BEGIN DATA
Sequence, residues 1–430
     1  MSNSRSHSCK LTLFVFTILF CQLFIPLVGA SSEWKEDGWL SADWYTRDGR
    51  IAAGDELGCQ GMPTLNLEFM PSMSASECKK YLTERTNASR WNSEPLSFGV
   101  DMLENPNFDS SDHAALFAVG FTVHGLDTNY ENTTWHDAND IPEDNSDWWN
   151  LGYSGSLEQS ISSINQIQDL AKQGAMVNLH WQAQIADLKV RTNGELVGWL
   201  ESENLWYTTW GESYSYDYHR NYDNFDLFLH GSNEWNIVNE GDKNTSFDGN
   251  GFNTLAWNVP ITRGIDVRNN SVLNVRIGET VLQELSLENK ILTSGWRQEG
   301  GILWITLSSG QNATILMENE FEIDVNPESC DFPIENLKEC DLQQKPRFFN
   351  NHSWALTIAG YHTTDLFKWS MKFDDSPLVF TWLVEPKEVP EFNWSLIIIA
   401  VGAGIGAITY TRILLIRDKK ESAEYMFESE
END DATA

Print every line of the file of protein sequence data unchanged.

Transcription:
Sequence, residues 1–430
     1  MSNSRSHSCK LTLFVFTILF CQLFIPLVGA SSEWKEDGWL SADWYTRDGR
    51  IAAGDELGCQ GMPTLNLEFM PSMSASECKK YLTERTNASR WNSEPLSFGV
   101  DMLENPNFDS SDHAALFAVG FTVHGLDTNY ENTTWHDAND IPEDNSDWWN
   151  LGYSGSLEQS ISSINQIQDL AKQGAMVNLH WQAQIADLKV RTNGELVGWL
   201  ESENLWYTTW GESYSYDYHR NYDNFDLFLH GSNEWNIVNE GDKNTSFDGN
   251  GFNTLAWNVP ITRGIDVRNN SVLNVRIGET VLQELSLENK ILTSGWRQEG
   301  GILWITLSSG QNATILMENE FEIDVNPESC DFPIENLKEC DLQQKPRFFN
   351  NHSWALTIAG YHTTDLFKWS MKFDDSPLVF TWLVEPKEVP EFNWSLIIIA
   401  VGAGIGAITY TRILLIRDKK ESAEYMFESE